In a tournament like this, the adjustments to get results have to come quickly and Canada will have to come out against the Chileans showing more confidence and willingness in their attack to ensure a result. 3 points in this match is crucial for the Canadians in their hopes to finish group play in a top spot and, with all respect to Chile, is a match they should win to set themselves up for their final group match against Great Britain.

In other news, Canadian midfielder Quinn spoke in a recent post on their Instagram about being the first openly trans Olympian to compete in the games. While they mentioned that they felt pride at this distinction, they emphasized the continued need for change in sport.

“Mostly, I feel aware of the realities. Trans girls being banned from sports. Trans women facing discrimination and bias while trying to pursue their olympic dreams. The fight isn’t close to over… and I’ll celebrate when we’re all here.”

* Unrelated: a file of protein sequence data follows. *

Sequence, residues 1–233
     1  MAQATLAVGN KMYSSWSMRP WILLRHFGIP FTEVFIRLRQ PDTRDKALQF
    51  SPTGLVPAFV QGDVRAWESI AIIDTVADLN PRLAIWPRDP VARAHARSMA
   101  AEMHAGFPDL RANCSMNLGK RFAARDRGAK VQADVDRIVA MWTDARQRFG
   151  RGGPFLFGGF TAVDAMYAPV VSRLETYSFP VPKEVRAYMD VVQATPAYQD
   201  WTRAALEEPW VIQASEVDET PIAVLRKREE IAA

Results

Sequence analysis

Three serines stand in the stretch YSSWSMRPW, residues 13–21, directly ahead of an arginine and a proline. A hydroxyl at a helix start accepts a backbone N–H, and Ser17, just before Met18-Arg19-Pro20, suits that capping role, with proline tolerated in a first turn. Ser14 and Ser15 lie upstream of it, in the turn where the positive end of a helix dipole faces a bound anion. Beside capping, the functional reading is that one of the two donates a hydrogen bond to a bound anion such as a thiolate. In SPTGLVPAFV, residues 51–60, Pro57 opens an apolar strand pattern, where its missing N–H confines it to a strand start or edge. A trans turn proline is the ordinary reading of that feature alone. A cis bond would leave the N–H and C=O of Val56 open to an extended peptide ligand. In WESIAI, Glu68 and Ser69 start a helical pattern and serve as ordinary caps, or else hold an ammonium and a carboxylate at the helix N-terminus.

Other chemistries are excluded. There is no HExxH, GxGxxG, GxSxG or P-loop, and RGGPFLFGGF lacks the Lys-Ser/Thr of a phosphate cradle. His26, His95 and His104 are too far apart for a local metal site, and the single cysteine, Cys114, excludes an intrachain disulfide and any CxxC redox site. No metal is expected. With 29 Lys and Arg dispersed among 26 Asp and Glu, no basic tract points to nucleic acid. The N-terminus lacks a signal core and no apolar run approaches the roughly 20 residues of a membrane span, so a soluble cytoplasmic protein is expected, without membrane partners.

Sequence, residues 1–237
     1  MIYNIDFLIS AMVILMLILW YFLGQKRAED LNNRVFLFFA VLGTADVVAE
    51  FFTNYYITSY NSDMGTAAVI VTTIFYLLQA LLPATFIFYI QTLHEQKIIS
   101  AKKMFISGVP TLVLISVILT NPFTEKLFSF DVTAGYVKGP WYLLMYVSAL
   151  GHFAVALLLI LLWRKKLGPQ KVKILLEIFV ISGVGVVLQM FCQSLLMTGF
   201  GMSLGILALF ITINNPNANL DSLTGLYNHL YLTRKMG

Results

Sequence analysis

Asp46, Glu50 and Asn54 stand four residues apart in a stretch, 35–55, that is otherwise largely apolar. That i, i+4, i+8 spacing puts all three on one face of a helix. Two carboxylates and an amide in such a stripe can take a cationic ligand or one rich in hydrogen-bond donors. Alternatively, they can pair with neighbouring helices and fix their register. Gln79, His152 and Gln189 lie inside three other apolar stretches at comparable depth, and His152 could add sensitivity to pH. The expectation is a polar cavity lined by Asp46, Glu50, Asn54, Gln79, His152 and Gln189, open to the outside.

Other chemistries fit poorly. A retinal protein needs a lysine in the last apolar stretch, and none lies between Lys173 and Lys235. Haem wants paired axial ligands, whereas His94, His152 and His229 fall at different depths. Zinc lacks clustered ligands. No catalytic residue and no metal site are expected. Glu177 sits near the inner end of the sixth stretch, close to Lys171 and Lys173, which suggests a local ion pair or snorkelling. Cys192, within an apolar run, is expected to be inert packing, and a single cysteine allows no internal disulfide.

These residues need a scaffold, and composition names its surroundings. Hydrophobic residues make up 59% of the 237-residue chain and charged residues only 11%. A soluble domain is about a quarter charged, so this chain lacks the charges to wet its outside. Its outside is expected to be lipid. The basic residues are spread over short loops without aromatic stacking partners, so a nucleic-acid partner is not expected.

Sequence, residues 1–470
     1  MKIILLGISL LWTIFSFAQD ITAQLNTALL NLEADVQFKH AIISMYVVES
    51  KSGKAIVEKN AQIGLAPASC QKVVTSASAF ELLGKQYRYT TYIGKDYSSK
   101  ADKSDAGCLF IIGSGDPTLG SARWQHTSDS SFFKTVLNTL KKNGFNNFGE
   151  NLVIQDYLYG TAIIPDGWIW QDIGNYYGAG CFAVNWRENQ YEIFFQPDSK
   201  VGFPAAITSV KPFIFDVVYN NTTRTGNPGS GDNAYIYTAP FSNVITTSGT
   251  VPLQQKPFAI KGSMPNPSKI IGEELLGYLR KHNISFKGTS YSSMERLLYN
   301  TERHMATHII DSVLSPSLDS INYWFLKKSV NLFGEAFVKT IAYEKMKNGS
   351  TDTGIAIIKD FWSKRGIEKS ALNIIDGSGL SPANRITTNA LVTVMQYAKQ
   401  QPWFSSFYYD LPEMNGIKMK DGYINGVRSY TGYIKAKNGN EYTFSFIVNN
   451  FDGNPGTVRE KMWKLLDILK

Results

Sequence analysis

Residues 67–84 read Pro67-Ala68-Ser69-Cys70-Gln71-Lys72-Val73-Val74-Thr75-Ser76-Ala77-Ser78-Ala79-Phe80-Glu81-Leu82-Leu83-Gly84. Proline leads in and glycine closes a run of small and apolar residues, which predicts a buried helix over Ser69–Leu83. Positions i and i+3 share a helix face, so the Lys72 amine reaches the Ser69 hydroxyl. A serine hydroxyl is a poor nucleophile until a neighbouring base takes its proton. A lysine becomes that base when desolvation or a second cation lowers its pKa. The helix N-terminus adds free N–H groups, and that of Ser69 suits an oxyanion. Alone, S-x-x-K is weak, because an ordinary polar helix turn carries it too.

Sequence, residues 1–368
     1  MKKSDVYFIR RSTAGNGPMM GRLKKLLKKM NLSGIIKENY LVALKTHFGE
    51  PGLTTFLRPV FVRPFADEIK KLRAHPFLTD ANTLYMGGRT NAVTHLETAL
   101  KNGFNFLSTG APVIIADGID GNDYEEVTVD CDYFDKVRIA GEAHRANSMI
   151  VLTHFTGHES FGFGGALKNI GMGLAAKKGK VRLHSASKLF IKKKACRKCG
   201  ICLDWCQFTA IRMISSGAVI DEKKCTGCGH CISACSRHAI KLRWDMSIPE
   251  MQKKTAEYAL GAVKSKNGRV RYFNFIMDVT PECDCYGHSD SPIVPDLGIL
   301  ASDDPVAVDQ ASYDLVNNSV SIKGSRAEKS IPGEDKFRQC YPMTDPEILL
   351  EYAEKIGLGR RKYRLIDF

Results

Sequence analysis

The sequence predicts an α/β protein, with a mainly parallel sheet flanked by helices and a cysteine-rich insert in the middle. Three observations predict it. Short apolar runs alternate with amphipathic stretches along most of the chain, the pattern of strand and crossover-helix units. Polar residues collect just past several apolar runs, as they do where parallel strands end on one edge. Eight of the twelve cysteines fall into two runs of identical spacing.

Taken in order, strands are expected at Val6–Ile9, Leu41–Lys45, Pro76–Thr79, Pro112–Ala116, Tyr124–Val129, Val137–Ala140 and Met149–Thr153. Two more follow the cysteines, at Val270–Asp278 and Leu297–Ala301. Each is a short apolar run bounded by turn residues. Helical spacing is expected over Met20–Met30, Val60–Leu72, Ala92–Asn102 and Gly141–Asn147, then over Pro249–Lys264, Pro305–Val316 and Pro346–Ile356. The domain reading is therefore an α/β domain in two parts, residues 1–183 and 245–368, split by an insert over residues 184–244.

This is something that everyone in the game, players, coaches, management, and fans, have to continue to address to ensure that trans athletes do not continue to face outdated, arbitrary, and bigoted obsticales in their pursuit of their goals both inside and outside of competition. While we should absolutely celebrate Quinn for this milestone and for their leadership, we must also remember what they said in their Instagram post: the fight isn’t over until everyone is there.

So, let’s all keep fighting.

Canada’s match against Chile kicks off Saturday morning at 3:30am ET at the Sapporo Dome. The match will be broadcast live on and fans can also find extended coverage across Canada Soccer’s digital channels on Twitter, Instagram, Facebook and YouTube featuring the hashtag #CANWNT.